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Apr
15
comment Rijndael vs. Serpent vs. Twofish: General comparison
The link in the answer belongs to an archived part of the nist web site that is supposed to remain the same for the overseeable future. It is up now, and it is a static page so it rarely goes down. If you have trouble connecting the problem is more likely closer to your end.
Apr
14
comment What is the strength and attack vectors of this simple scheme?
If you reveal something by sending a cipher text list $L$ that the attacker didn't already know, your scheme isn't secure. OTOH, if you manage to only reveal as much as the attacker already knows and secrecy is preserved, it would be a lot more efficient, and exactly as secure, to use some form of OTP. And an OTP is already considered impractical.
Apr
14
answered What is the strength and attack vectors of this simple scheme?
Apr
13
awarded  Enlightened
Apr
13
awarded  Nice Answer
Apr
12
comment Comparison of RSA and DRSA scheme using SageMath
Is this ccis2k.org/iajit/PDF/vol.3,no.4/9-Padhey.pdf the DRSA scheme you are referring to?
Mar
23
comment TLS padding format
This is for historical reasons. TLS uses the same formats as SSL 3.0, which was designed by Netscape back in the mid 1990's.
Mar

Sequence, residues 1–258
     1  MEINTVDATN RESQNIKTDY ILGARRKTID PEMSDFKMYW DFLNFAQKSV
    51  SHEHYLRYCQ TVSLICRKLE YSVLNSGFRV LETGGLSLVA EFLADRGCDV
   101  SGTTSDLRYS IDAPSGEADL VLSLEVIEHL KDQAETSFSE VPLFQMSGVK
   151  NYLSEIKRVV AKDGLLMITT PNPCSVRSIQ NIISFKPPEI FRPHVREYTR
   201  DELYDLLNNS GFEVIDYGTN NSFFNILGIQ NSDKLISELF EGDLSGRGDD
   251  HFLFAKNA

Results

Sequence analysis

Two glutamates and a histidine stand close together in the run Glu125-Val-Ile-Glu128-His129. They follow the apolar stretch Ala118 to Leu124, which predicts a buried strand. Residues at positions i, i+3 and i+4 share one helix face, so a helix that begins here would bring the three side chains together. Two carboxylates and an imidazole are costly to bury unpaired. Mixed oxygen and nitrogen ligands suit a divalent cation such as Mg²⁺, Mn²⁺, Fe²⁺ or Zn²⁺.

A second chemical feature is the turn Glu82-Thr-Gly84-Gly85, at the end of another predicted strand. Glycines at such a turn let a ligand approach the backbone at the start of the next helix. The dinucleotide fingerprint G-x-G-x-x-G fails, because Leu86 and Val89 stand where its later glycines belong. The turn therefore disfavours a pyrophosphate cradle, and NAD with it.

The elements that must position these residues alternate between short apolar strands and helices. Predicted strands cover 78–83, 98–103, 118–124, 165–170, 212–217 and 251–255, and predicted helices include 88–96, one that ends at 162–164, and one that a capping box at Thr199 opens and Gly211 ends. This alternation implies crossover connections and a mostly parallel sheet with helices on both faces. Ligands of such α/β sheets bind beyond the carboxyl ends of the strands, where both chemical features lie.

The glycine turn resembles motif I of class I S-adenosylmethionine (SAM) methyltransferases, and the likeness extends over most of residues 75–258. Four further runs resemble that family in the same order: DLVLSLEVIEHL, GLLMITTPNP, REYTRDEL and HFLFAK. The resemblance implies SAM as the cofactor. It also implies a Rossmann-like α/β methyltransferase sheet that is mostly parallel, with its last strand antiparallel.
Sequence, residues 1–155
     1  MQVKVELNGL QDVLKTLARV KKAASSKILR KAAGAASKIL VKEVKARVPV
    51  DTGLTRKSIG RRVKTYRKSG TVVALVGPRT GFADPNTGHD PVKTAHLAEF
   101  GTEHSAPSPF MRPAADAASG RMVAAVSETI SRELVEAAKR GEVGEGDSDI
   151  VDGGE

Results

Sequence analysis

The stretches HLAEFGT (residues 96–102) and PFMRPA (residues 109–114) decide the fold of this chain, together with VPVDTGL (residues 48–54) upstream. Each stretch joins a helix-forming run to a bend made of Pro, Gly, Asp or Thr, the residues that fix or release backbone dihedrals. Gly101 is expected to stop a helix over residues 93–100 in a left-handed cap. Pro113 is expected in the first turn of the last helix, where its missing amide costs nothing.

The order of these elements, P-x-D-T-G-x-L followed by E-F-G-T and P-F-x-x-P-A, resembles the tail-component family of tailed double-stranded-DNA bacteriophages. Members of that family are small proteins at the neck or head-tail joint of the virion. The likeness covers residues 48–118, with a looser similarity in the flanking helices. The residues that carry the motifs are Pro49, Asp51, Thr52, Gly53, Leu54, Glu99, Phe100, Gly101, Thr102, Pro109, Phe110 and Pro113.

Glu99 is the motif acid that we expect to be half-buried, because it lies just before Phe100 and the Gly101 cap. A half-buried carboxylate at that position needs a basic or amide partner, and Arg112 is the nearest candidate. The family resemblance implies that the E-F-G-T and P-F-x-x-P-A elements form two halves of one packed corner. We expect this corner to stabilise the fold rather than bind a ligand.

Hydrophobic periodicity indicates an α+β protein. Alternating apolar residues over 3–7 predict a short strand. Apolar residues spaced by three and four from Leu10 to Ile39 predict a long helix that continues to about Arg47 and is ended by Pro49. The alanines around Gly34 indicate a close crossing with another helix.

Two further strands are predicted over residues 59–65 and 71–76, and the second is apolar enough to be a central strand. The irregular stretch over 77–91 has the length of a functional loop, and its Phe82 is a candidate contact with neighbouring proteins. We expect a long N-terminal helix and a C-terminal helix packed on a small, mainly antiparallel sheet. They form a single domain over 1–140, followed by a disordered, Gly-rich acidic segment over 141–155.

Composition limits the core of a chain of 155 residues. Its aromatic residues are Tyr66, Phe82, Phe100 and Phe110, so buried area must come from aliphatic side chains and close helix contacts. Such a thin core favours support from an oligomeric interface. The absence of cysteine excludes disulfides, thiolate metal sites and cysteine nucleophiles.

12
reviewed Approve Hardness of finding mutual discrete logarithms of small generators in $\mathbb{Z}_p$
Mar
12
comment How is injective, inverse, surjective & oneway related to cryptography?
Regarding the last paragraph, a function will by definition return a single unequivocal output for each input; otherwise it is not a well-defined function, but a relation. However, a function might have a power set as codomain, meaning that the output could be interpreted as a "set of possible outputs".
Mar
10
comment What is the intuition for ECDSA?
Asking for "intuition" makes it hard to know in advance exactly what kind of answer you are hoping for. Could you perhaps relate your question to exactly what you find unclear e.g. in the Wikipedia article en.wikipedia.org/wiki/Digital_Signature_Algorithm?
Mar
9
comment Using One Time Pad with a block cypher
@ratchetfreak: You are correct, but the question stipulates that no key reuse cannot be assumed.
Mar
9
reviewed Approve HMAC-SHA1 vs. AES
Mar
3
comment Does RSA have two trapdoors?
Do you have a link to the media from Khan University you reference?
Mar
1
awarded  Nice Answer
Feb
26
reviewed Approve How easily could this method of cryptography be cracked?
Feb
24
awarded  Enlightened
Feb
24
awarded  Nice Answer
Feb
23
comment Public key crypto without modular arithmetic?
@mikemaccana: No, it doesn't matter. It doesn't matter if the numbers are primes, smooth or products of large primes - either way the number will be a large integer, and Eves attack works for any large integer, as long as it is not so large it will be infeasible to carry out any arithmetic operation at all on it. But if Alice and Bob are able to multiply and divide the numbers, so will Eve.
Feb
20
comment Public key crypto without modular arithmetic?
@CodesInChaos: Well, the difference is that with Shamir three-pass, the multiplication operations wouldn't be performed in the same group that the cipher text messages belong to. If the Diffie-Hellman assumption applies to the group, the "multiplication" would be impossible to compute.
Feb
20
revised Public key crypto without modular arithmetic?
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